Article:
Setting the Scene: How to Choose the Perfect Location for Interview Filming

Jan 15, 2024

Video Production

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Selecting an ideal location is a crucial first step in filming interviews. It's about more than just finding a quiet room—it’s about capturing the essence of your subject matter and enhancing your storytelling visually. Whether you're creating a mini-documentary or conducting interviews for another project, follow these practical tips to select the best location.

Reflect Your Subject Matter

The backdrop of your interview should be relevant to what you’re discussing or showcasing. For instance, if you’re talking about home renovations, choose a setting within a home that feels authentic and aligns with the narrative. This creates coherence between what is being said and where it's being said, reinforcing the message for viewers.

Aesthetics Matter

When scouting locations, look for areas with appealing visuals:

  • Leading Lines: Use architectural features such as doorways or furniture arrangements that draw viewers’ eyes towards your subject.
  • Depth: Create separation between your subject and background to avoid flat imagery; this can be achieved by positioning subjects against spacious parts of rooms.
  • Lighting: Good lighting is essential—natural light can work wonders but ensure there are no harsh shadows on faces.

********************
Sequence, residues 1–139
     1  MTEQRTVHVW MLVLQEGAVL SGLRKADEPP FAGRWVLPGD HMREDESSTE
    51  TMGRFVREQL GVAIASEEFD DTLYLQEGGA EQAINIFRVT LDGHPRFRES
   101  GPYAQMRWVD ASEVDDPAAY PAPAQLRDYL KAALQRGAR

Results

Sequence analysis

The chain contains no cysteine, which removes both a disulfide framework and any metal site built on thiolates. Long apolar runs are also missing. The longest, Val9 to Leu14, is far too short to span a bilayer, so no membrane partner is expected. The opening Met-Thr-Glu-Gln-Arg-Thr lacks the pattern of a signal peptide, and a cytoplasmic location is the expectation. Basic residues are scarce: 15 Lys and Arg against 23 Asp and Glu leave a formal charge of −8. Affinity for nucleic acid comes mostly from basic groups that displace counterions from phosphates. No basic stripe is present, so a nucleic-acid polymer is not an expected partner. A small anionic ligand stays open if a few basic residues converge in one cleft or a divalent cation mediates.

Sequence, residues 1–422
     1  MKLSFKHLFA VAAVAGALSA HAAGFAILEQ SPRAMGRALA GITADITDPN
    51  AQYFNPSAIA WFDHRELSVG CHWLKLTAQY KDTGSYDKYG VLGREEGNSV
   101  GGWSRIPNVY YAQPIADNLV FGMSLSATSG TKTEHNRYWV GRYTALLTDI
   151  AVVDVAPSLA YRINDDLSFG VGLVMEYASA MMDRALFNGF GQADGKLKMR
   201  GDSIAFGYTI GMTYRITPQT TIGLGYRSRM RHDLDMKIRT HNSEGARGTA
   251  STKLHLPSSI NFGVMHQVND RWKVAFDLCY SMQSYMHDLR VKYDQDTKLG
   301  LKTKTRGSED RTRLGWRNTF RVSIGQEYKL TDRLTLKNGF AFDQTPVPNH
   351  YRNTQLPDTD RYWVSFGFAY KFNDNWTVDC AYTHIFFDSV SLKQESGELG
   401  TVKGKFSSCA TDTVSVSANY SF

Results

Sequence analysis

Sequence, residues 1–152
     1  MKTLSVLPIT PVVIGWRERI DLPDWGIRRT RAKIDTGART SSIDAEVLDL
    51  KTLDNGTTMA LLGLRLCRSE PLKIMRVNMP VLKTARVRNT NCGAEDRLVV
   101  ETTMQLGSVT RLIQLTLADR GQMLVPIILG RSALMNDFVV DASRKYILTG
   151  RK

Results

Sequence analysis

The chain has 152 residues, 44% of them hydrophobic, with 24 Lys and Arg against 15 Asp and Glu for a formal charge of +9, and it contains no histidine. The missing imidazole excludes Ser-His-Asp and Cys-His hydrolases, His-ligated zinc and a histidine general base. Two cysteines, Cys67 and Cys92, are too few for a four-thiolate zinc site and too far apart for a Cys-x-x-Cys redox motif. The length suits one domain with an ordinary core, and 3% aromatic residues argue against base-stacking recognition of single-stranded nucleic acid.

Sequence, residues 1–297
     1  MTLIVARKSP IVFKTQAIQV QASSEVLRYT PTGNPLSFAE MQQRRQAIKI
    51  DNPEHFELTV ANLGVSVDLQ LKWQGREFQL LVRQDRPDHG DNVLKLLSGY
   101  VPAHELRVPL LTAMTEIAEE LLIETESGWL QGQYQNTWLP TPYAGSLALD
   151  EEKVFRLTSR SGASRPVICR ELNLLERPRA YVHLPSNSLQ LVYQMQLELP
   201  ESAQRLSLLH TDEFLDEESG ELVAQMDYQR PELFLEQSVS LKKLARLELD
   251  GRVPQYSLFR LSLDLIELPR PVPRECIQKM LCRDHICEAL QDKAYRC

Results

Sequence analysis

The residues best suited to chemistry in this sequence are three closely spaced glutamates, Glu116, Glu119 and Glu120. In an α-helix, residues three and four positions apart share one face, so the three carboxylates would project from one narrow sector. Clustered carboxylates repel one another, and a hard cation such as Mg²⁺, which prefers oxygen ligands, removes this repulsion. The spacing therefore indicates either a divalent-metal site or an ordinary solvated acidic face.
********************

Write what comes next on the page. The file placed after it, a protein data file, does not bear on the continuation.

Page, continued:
Position different elements strategically so they contribute positively to the aesthetics without becoming distracting.

Test Shots Are Key

Before settling on one spot, take test shots from various angles with someone standing in as your interviewee:

  1. Place them where they’ll actually sit during filming.
  2. Try out different frame compositions considering how multiple interviewees will appear side-by-side in editing (e.g., one person on left side of frame; other person on right).

This helps visualize potential issues like glares or unflattering shadows before recording begins.

Consistency & Contrast

If interviewing multiple people:

  • Maintain consistency through similar aesthetic choices across all settings.
  • Offer contrast by changing up their positions within the frame—this provides visual interest when cutting between interviews while maintaining uniformity through style and tone.

Takeaway: The perfect location does more than provide silence—it reinforces your story visually while making technical aspects like lighting work in favor of high-quality footage. By taking time to assess each prospective space critically—and performing ample tests—you'll set yourself up for success well before hitting record.

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